Back to the Rack
Bill StarrIso Magic Part 5
A brief moment to review the topic of this series. An isometric contraction occurs when the resistance to the muscle is so intense that the muscle cannot move the weight or object. Then the muscle stiffens and does not shorten. At that point, all of the energy in the muscle is used in tension and none in the form of movement. That’s how it develops the maximum amount of muscle tension.
With this system of strength training, you perform only a single maximum contraction in each exercise. Compared to a typical free-weight or machine workout, isos require very little energy. One of the main selling points for doing isos was that they weren’t fatiguing and could be done more frequently than conventional workouts. You didn’t have to rest a day between sessions, which enabled you to train six days a week if you wanted to.
The maximum contractions involve the tendons and ligaments much more than multiple reps on free weights, and they also force the nervous system to be more active. Stimulating the nervous system is of particular interest to any athlete engaging in a high-skill activity, such as Olympic weightlifting and the field events in track. Enhancing the ability of your nervous system to respond more rapidly is a great asset in any sport.
Studies have concluded that moving a loaded barbell a short distance, isotonically, before locking it in an isometric contraction is more productive than doing isometrics without movement. That’s not to say that pure isometrics don’t work because they’ve been proven to add strength. It’s just that isotonic-isometric exercise is better, and that’s my focus here.
There are a number of ways to incorporate isos into your current program. The best approach is usually to insert some isos into your regular routine so that there’s not much overall change right away. When I first used isometrics, I did them on my nonlifting days—Tuesday, Thursday and Saturday—and trained with free weights Monday, Wednesday and Friday. I was able to recover from the six-day regime for two reasons: The iso sessions were short and sweet—15 minutes tops—and I always paid close attention to the heavy, light and medium concept on my lifting days. The short, condensed iso sessions didn’t tire me at all but instilled a pleasant stimulation that carried over to the following day and benefited me in the weight room.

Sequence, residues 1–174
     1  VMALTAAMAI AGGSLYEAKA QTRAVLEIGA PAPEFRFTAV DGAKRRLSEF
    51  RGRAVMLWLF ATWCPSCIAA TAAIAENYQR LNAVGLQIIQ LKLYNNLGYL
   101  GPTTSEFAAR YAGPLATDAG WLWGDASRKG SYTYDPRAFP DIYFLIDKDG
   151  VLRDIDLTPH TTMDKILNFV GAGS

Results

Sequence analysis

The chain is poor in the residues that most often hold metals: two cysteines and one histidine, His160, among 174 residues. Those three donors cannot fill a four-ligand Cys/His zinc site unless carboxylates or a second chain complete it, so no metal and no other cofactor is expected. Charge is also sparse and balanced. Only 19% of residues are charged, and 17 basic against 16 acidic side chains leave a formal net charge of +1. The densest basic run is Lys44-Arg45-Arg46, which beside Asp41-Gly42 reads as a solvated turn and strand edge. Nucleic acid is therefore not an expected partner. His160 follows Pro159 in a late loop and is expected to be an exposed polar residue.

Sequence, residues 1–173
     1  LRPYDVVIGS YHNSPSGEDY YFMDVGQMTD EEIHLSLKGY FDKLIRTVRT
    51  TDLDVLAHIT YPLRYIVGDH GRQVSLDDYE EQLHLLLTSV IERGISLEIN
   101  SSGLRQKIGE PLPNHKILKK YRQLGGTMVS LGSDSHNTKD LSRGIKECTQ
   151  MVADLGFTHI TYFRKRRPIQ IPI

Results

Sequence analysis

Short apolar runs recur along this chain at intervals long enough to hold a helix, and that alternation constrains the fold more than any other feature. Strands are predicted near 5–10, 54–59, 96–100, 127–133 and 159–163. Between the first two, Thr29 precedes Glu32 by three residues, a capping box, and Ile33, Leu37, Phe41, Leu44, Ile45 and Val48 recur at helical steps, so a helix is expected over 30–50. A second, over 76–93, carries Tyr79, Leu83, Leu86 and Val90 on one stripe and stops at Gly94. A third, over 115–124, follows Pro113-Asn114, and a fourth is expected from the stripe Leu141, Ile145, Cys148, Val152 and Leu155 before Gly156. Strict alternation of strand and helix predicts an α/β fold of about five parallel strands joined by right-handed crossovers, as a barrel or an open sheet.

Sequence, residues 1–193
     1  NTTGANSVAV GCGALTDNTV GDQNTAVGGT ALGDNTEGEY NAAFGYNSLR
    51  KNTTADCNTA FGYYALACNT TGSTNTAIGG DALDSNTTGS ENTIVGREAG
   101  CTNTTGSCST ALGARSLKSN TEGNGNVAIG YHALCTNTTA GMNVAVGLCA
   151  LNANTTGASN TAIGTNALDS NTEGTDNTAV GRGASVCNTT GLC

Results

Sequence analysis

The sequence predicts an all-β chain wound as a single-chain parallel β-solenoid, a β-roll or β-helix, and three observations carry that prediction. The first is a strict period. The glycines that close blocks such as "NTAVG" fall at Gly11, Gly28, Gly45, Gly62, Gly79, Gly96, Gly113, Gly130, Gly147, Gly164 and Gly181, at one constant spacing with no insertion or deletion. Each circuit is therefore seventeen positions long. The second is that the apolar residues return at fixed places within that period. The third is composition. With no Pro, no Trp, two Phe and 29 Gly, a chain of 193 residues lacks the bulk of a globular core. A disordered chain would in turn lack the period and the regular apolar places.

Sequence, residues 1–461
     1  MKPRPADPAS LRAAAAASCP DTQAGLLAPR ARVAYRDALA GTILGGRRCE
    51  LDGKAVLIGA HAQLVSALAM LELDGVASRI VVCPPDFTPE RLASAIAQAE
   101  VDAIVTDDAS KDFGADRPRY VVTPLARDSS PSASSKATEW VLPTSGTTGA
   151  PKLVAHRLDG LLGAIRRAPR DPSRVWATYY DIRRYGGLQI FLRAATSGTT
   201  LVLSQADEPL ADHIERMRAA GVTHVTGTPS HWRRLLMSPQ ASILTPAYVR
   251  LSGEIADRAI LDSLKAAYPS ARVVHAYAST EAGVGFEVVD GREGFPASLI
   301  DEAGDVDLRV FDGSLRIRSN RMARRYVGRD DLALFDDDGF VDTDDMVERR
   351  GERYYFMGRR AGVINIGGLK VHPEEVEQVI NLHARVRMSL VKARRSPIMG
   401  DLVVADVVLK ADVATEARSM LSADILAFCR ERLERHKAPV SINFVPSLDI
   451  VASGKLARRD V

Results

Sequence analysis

Unless you have easy access to a power rack, however, that idea isn’t very feasible. At York the weight room was always available, and I did a variation of that routine: I lifted four days and did a couple of isos two other days a week. I concentrated on my weaker areas in the power rack—almost always my squats. When I felt I was getting stale on them, I’d switch over and do pulls or presses for a few weeks. On occasion I’d work all three bodyparts. Generally that was in the off-season, when I didn’t have to worry about pushing my numbers up on the three competitive lifts. The change was healthy because when I cut back on the isos I had more juice for the press, snatch, and clean and jerk. Using the relatively lighter weights for a length of time also let me pay closer attention to my technique. That had long-range positive benefits.
Some situations may prompt you to give isos priority for a month or six weeks. Maybe you’re feeling burnt out with your present program, want some sort of drastic change or are simply pressed for time. Switching to an iso routine can revive your enthusiasm: Isos are new stuff and demand a type of concentration different from what you need in conventional workouts.
When Tommy Suggs was still a tax accountant, he’d drop his regular weight workouts and do an almost exclusive iso routine during tax season. He’d get up at 6 a.m., go into his garage, zip through a 15- or 20-minute session in the power rack, shower and go to his office. That permitted him to maintain his consistency of training and prepared him for the mental stress of the day. When he went back to his free-weight routine, he always felt stronger and found that the rack work had helped him get rid of some nagging injuries.